SQL, Approach is to use the concatenation operator i.e. || . Below is the required implementation:. The Oracle concatenation operator is more widely used because of that and you barely see the Concat function at all. The last example shows that you can add many operators you need into your code and the only restriction is that they can’t be in the beginning and the end of the string.

Comments
  • docs.oracle.com/cd/B19306_01/server.102/b14200/operators003.htm
  • I'd expect null from a logical operation... not sure I'd ever thought about a string operation.
  • Well of course Oracle treats null and '' as the same, and 'x' || '' = 'x' makes sense. But if you think of null as "undefined" or "unknown" then 'x' || null could be any string beginning with 'x' and so is itself "unknown"!
  • || in Oracle is not a logical operator, therefore, 'x'||null returns x.
  • @ipip: I am confused - if by "logical operator" you mean operators like AND, NOT etc. then of course || is not a logical operator. But what does that have to due with 'x'||null returning x? n+null returns null, so is + a logical operator?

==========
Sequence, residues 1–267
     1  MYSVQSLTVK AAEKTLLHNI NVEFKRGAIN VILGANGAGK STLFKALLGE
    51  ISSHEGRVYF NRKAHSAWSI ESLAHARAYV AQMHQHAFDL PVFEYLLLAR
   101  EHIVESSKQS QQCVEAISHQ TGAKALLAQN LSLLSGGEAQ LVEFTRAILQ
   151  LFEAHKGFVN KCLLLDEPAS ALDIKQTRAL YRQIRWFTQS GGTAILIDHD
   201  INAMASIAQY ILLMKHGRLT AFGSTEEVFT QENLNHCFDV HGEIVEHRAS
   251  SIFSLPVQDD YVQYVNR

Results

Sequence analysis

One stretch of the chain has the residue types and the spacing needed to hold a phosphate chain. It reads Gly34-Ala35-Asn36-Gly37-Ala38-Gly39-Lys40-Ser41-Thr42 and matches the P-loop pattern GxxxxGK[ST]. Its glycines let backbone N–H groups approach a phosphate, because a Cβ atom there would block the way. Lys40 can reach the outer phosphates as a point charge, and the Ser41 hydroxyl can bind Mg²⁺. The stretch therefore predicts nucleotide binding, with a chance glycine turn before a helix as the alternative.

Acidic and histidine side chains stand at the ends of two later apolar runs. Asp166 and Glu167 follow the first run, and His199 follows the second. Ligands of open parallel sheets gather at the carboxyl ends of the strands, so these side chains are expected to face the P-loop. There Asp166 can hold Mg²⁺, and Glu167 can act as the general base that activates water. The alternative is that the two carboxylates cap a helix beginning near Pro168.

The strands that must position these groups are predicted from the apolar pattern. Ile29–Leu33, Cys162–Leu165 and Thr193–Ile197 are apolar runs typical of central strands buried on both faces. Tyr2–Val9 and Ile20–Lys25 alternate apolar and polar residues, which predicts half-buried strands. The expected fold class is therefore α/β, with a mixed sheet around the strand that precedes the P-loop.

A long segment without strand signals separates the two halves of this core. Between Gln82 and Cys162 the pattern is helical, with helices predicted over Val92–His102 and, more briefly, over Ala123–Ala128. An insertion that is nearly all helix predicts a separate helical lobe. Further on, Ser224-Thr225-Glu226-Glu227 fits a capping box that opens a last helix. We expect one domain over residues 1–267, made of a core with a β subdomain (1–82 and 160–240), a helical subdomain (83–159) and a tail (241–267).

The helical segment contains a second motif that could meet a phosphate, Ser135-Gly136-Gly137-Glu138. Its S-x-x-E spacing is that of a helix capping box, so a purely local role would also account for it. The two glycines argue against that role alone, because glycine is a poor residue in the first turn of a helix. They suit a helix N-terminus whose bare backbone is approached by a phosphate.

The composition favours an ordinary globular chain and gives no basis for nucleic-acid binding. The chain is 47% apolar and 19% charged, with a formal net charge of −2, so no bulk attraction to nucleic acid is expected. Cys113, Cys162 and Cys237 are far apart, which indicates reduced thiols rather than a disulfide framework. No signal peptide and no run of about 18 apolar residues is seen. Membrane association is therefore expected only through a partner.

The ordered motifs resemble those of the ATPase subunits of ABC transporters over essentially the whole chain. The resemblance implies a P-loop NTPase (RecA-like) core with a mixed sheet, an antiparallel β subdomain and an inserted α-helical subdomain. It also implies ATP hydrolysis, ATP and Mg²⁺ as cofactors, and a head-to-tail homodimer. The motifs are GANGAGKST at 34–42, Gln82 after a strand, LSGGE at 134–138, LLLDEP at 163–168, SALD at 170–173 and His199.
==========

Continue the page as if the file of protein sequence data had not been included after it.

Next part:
• Oracle's handling of null in concatenation is non-standard in that it is different to the SQL92 spec (and Postgres) - see postgresql.org/message-id/921.1144705646@sss.pgh.pa.us
  • this is way better than the || symbol. using || is just confusing as per other language's use of ||.
  • Agreed for clarity, but || has the advantage to allow more then 2 fields easily
  • CONCAT is also compatible with other DBMSes (at least MySQL and Postgres).
  • Odd that it didn't occur to the ANSI SQL committee that anyone might need to concatenate more than two things. (Same goes for the geniuses at Oracle who came up with nvl().)
  • CONCAT is also available in Microsoft SQL Server 2012 and onwards. CONCAT, though nonstandard, is definitely the way to go if you want your code to be portable. (|| is the actual ANSI standard operator, though you wouldn't know it by looking at the support for it!)
  • sorry I realise this was 2 years ago, but why would you prefer concat(a,b) over a||b?
  • || shorter, more flexible, and simple. Look at his select statement.